Their minimal stem exposure above ground and the diverse array of textures and colors make them an ideal choice for anyone looking to add a unique touch to their plant collection.

Living Stones Care

Lithops are perfectly safe for both humans and animals. In some regions of Africa, children even consume these succulents to satisfy their thirst. Despite their non-toxic nature, it’s essential to exercise caution if they’ve been treated with pesticides, as this can make them harmful. For safety, keep these plants away from pets and young children.

Understanding the growth cycle of lithops is crucial, especially if they are grown as indoor plants. Originating from environments with distinct seasons, lithops enter a dormant state during the peak of summer after their spring growth. This period of rest is a natural part of their cycle, and it’s vital to let the soil dry out as it would in their native habitat.

Following their autumn bloom, they enter a second dormancy phase during winter, when watering should be reduced almost completely.

When planting lithops, opt for a very free-draining soil, such as cactus mix, and position them in a well-lit, dry area like a south- or east-facing windowsill. Water these succulents minimally—far less than you would other types.

From October to May, avoid watering altogether to allow the old leaves to shrivel, and similarly, refrain from watering during the summer dormant phase.

Lithops require minimal maintenance but insist on certain conditions to thrive. They grow slowly and need soil that drains well, incorporating sand and gritty substances to emulate their natural, rocky habitats. Choose a pot with adequate drainage to prevent root rot and position it in partial shade to protect new leaves from direct sunlight.

To successfully nurture a living stone plant, keep these tips in mind:

  • Plant them in spring or autumn, just before their dormant seasons.
  • Ensure they receive plenty of direct, bright light but shield the top leaves from burning.
  • Consider an artificial grow light if your setting lacks sufficient natural sunlight.
  • Water lightly only when the soil dries during active growth periods in spring and fall, avoiding watering in both summer and winter.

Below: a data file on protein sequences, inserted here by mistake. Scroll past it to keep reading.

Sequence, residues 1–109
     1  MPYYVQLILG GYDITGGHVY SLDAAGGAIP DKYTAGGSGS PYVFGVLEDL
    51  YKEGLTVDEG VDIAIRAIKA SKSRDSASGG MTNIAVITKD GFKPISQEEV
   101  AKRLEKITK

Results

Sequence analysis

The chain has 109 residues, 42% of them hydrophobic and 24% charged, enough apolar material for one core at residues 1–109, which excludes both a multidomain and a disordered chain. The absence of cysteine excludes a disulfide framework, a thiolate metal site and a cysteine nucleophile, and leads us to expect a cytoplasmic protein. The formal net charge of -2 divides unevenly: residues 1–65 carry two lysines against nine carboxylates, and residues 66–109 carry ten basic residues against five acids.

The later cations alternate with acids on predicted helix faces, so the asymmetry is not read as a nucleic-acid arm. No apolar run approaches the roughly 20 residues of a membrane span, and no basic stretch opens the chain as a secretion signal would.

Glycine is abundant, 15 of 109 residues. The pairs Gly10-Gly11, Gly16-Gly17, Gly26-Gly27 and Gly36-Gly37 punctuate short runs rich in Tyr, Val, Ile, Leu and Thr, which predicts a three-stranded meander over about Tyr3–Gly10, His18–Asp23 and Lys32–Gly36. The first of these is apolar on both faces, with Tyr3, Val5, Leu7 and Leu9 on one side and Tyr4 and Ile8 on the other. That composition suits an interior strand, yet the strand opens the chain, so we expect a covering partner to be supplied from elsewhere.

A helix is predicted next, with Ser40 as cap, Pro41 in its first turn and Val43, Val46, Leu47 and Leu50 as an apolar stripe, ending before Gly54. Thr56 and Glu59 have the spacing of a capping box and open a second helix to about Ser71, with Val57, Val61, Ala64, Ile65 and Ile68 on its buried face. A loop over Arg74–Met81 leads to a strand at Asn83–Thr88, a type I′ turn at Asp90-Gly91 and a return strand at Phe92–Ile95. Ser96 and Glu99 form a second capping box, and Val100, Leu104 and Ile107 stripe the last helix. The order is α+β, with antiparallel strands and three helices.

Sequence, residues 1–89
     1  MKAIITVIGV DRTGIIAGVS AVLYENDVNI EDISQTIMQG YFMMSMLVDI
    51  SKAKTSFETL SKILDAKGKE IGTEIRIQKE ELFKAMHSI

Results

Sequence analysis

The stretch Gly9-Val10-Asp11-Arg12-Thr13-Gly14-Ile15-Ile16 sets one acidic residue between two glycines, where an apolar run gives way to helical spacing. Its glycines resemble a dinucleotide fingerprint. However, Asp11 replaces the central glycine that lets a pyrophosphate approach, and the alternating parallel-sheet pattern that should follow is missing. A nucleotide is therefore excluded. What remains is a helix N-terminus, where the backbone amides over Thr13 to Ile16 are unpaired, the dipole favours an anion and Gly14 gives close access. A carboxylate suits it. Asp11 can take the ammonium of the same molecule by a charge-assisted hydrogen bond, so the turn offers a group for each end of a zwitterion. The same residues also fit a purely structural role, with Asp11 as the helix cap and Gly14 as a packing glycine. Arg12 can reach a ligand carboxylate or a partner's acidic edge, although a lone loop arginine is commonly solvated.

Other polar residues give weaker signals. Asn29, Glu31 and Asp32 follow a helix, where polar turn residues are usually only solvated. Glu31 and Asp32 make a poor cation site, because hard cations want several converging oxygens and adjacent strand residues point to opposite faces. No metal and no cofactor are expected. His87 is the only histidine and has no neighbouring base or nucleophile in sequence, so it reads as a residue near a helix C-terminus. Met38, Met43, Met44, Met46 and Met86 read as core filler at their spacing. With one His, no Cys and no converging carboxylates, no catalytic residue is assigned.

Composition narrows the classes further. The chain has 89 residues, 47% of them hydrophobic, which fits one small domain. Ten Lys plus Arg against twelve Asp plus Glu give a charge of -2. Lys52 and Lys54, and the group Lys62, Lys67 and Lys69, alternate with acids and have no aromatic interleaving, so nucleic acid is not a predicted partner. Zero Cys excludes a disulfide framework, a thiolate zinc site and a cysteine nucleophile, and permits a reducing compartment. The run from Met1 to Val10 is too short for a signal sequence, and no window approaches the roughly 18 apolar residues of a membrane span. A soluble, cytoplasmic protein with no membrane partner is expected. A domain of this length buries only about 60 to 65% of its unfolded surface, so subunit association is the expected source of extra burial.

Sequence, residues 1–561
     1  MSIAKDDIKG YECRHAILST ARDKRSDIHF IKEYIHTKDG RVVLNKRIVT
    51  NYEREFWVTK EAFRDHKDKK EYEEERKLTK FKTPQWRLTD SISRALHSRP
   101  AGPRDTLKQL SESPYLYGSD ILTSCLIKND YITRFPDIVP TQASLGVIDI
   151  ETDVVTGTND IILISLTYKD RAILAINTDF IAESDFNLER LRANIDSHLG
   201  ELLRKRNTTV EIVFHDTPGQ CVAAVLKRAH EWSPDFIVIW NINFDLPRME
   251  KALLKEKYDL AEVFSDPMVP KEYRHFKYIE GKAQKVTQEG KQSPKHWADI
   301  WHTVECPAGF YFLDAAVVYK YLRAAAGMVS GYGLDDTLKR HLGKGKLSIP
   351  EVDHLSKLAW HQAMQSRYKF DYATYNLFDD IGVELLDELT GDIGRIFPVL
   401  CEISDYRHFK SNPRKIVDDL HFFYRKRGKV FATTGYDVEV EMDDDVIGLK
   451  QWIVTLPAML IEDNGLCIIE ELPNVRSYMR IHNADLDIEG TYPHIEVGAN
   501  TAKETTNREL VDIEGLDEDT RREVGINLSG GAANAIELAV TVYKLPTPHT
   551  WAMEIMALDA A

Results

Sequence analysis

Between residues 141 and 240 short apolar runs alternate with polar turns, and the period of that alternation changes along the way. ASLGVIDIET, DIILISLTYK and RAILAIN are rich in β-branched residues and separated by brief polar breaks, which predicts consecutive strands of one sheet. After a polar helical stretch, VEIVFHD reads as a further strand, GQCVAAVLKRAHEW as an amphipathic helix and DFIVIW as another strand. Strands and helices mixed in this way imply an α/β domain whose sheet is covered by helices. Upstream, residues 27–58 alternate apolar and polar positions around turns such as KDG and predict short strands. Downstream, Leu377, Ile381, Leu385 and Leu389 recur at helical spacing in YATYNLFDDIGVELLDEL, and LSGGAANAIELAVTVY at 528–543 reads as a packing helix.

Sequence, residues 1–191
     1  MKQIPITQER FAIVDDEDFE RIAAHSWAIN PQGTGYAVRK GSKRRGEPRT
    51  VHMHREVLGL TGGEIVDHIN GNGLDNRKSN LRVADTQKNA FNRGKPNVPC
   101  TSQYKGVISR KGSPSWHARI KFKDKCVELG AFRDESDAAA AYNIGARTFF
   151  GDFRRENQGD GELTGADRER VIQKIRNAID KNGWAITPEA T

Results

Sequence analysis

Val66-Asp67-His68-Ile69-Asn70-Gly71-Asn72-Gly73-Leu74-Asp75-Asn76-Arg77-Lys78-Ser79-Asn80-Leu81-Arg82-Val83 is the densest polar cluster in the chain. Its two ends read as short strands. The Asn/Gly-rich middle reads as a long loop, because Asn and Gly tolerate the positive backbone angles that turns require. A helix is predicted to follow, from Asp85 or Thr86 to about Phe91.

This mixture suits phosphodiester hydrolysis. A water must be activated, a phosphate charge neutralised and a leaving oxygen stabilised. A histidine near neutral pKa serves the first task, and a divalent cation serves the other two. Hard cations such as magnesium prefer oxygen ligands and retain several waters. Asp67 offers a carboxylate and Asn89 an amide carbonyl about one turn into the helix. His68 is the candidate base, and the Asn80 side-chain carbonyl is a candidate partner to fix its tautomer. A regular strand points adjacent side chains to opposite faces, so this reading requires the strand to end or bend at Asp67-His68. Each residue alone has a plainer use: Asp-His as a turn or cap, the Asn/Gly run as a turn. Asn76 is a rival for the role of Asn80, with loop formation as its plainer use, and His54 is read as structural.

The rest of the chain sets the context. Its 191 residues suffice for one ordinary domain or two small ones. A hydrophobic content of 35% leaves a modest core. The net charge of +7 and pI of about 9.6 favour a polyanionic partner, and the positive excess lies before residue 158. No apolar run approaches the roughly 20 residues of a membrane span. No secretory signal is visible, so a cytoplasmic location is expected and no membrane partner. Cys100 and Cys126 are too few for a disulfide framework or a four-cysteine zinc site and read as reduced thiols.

Light Exposure

Just like any succulent, Lithops thrive under ample sunlight. They flourish with about 4-5 hours of direct morning sun, followed by partial shade in the afternoon to dodge the risk of sunburn. These “living stones” are best suited to a full sun exposure throughout the year, soaking up at least six hours of daylight most days.

For indoor growth, positioning them by a south-facing window offers optimal lighting, which is crucial since insufficient light leads to stretched, discolored leaves due to the lack of a substantial stem above the ground.

Living Stones Care
Credit: The Next Gardener

Originating from the robust climates of southern Africa, Lithops are well-adapted to intense sunlight. Nonetheless, during the scorching summer months, they appreciate some relief from the afternoon sun. Too little light results in weak, elongated growth which detracts from their unique appearance.

It’s essential during the colder months to maximize sunlight exposure to stimulate new leaf development, particularly for those cultivating these plants indoors near a bright, south-facing window.

For the gardening enthusiasts considering Lithops as houseplants, adequate daily light is a must. Insufficient lighting causes the leaves to etiolate—stretching awkwardly towards the nearest light source, distorting their shape, and dulling their vibrant colors.

Although Lithops love the sun, too much direct heat, especially in container settings, can lead to overheating and damage the plant. Therefore, managing exposure during peak heat by adjusting their placement or providing some shade is key.

Finally, if you ever need to relocate your Lithops, do so gradually. These plants, much like some people we know, aren’t fond of abrupt changes in their environment.

Water

Taking care of lithops isn’t as daunting as it sounds once you get the hang of their specific needs. These fascinating succulents flourish in dry conditions, mimicking their desert origins where rainfall is a rarity. Their thick leaves are nature’s water tanks, keeping them hydrated during droughts.

For these plants to thrive, it’s essential to imitate their natural water cycle and resist the urge to water too frequently—overwatering can spell disaster.